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Myriagon

Regular myriagon
Polygon 10000.svg
A regular myriagon
Type Regular polygon
Edges and vertices 10000
Schläfli symbol {10000}, t{5000}, tt{2500}, ttt{1250}, tttt{625}
Coxeter diagram CDel node 1.pngCDel 10.pngCDel 0x.pngCDel 0x.pngCDel 0x.pngCDel node.png
CDel node 1.pngCDel 5.pngCDel 0x.pngCDel 0x.pngCDel 0x.pngCDel node 1.png
Symmetry group Dihedral (D10000), order 2×10000
Internal angle (degrees) 179.964°
Dual polygon Self
Properties Convex, cyclic, equilateral, isogonal, isotoxal

In geometry, a myriagon or 10000-gon is a polygon with 10,000 sides. Several philosophers have used the regular myriagon to illustrate issues regarding thought.[1][2][3][4][5]

Regular myriagon

A regular myriagon is represented by Schläfli symbol {10,000} and can be constructed as a truncated 5000-gon, t{5000}, or a twice-truncated 2500-gon, tt{2500}, or a thrice-truncated 1250-gon, ttt{1250), or a four-fold-truncated 625-gon, tttt{625}.

The measure of each internal angle in a regular myriagon is 179.964°. The area of a regular myriagon with sides of length a is given by

The result differs from the area of its circumscribed circle by up to 40 parts per billion.

Because 10,000 = 24 × 54, the number of sides is neither a product of distinct Fermat primes nor a power of two. Thus the regular myriagon is not a constructible polygon. Indeed, it is not even constructible with the use of neusis or an angle trisector, as the number of sides is neither a product of distinct Pierpont primes, nor a product of powers of two and three.

Symmetry

The symmetries of a regular myriagon. Light blue lines show subgroups of index 2. The 5 boxed subgraphs are positionally related by index 5 subgroups.

The regular myriagon has Dih10000 dihedral symmetry, order 20000, represented by 10000 lines of reflection. Dih100 has 24 dihedral subgroups: (Dih5000, Dih2500, Dih1250, Dih625), (Dih2000, Dih1000, Dih500, Dih250, Dih125), (Dih400, Dih200, Dih100, Dih50, Dih25), (Dih80, Dih40, Dih20, Dih10, Dih5), and (Dih16, Dih8, Dih4, Dih2, Dih1). It also has 25 more cyclic symmetries as subgroups: (Z10000, Z5000, Z2500, Z1250, Z625), (Z2000, Z1000, Z500, Z250, Z125), (Z400, Z200, Z100, Z50, Z25), (Z80, Z40, Z20, Z10), and (Z16, Z8, Z4, Z2, Z1), with Zn representing π/n radian rotational symmetry.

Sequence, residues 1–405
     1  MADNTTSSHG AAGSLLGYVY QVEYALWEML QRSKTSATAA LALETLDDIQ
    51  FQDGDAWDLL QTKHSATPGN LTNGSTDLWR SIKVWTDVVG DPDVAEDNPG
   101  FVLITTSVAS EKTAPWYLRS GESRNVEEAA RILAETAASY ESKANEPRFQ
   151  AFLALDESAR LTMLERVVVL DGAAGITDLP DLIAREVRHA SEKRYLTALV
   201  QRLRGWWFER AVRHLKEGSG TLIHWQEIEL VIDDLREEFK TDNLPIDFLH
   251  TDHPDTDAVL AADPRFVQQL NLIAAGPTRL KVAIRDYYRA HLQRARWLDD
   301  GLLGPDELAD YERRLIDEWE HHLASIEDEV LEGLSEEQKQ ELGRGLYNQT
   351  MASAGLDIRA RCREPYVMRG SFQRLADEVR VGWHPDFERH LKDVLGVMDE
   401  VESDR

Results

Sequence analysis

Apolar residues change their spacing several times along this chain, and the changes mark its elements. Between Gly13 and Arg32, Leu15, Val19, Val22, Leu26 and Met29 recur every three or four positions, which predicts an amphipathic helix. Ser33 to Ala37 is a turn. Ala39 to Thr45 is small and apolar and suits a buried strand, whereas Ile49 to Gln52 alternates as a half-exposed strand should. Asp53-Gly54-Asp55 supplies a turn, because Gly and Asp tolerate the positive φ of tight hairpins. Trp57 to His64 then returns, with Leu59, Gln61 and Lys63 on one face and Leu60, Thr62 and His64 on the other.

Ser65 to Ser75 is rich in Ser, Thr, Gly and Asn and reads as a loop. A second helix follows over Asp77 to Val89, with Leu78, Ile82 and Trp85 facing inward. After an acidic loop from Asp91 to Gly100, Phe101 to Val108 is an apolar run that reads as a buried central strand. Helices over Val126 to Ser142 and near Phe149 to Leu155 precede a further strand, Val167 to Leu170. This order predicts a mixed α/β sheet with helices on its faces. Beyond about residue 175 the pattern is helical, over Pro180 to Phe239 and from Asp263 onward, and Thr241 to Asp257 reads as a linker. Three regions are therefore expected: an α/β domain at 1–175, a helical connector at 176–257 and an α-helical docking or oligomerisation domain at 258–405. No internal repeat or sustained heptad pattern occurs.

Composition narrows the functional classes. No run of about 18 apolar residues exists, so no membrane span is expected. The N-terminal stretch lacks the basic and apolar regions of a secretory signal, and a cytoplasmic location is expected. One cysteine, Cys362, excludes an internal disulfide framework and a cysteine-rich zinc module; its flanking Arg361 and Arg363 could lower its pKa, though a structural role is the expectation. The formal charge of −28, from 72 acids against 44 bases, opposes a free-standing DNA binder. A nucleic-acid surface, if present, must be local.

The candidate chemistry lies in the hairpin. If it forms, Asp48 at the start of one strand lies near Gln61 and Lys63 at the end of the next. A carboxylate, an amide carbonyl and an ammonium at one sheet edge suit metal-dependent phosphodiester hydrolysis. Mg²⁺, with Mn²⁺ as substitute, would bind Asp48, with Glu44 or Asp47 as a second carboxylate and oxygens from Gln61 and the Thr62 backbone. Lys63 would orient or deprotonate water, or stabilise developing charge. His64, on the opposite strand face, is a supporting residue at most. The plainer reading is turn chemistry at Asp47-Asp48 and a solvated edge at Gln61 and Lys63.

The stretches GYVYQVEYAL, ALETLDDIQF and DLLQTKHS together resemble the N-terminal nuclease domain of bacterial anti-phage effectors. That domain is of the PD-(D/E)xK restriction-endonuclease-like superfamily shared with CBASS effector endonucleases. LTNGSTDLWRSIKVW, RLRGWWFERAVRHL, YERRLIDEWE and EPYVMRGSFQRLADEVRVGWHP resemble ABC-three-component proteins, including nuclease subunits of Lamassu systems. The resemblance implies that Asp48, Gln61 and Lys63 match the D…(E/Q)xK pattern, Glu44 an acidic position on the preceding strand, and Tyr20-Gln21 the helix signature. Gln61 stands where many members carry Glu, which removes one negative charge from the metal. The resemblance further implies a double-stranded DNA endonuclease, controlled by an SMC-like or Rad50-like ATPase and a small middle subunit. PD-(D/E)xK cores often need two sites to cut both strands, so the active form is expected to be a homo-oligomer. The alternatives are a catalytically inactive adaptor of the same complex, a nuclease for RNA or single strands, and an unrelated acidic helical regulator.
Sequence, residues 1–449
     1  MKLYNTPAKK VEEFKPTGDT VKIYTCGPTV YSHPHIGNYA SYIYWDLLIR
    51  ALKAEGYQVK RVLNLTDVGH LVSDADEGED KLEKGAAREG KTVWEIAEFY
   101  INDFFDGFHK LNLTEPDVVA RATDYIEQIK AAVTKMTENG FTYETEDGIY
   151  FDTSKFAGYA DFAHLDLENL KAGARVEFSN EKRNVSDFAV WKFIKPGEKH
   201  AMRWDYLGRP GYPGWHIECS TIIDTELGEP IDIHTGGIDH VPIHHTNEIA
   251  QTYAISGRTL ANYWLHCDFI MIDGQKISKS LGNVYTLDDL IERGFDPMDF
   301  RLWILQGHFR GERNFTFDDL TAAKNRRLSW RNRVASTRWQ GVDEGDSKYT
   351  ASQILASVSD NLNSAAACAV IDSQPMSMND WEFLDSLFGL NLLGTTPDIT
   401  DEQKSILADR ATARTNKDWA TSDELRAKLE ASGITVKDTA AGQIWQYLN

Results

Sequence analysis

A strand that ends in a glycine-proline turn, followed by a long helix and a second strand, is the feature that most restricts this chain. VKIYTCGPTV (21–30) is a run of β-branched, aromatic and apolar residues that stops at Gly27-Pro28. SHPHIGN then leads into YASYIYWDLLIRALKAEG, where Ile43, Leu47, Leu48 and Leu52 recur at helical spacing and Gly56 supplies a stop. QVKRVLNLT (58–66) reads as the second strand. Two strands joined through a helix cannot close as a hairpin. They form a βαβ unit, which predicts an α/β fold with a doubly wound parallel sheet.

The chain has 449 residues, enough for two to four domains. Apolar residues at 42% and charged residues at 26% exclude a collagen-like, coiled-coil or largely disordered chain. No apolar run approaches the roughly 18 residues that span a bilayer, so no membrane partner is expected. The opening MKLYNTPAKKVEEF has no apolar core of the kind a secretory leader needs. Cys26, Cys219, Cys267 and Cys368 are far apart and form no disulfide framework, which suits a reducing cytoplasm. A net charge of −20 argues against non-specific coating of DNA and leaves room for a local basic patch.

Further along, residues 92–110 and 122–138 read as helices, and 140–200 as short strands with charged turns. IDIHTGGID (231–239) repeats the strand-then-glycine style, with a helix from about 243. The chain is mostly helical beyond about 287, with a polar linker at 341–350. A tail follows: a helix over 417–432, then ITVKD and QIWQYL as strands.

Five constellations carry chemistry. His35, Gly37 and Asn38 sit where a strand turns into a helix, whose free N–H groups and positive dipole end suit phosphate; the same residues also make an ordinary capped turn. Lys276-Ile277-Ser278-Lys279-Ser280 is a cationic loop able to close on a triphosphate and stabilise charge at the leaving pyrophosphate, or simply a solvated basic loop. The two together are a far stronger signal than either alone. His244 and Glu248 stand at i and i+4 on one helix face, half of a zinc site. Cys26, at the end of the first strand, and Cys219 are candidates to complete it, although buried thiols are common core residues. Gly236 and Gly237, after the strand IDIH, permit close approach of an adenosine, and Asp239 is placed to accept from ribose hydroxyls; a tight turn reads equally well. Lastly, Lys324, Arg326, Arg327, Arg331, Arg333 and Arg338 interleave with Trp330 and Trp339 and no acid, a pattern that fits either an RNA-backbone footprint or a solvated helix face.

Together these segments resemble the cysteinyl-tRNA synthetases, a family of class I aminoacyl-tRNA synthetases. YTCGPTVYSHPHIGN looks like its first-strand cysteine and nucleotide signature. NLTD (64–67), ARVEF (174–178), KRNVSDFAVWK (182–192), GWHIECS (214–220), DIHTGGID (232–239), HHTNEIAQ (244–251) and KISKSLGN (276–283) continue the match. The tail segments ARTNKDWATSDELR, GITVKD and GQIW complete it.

John Conway labels these lower symmetries with a letter and order of the symmetry follows the letter.[6] r20000 represents full symmetry, and a1 labels no symmetry. He gives d (diagonal) with mirror lines through vertices, p with mirror lines through edges (perpendicular), i with mirror lines through both vertices and edges, and g for rotational symmetry.

These lower symmetries allows degrees of freedom in defining irregular myriagons. Only the g10000 subgroup has no degrees of freedom but can seen as directed edges.

Myriagram

A myriagram is a 10,000-sided star polygon. There are 1999 regular forms[7] given by Schläfli symbols of the form {10000/n}, where n is an integer between 2 and 5,000 that is coprime to 10,000. There are also 3000 regular star figures in the remaining cases.

In popular culture

In the novella Flatland, the Chief Circle is assumed to have ten-thousand sides, making him a myriagon.

See also

References

  1. ^ Meditation VI by Descartes (English translation).
  2. ^ Hippolyte Taine, On Intelligence: pp. 9–10
  3. ^ Jacques Maritain, An Introduction to Philosophy: p. 108
  4. ^ Alan Nelson (ed.), A Companion to Rationalism: p. 285
  5. ^ Paolo Fabiani, The philosophy of the imagination in Vico and Malebranche: p. 222
  6. ^ The Symmetries of Things, Chapter 20
  7. ^ 5000 cases - 1 (convex) - 1,000 (multiples of 5) - 2,500 (multiples of 2)+ 500 (multiples of 2 and 5)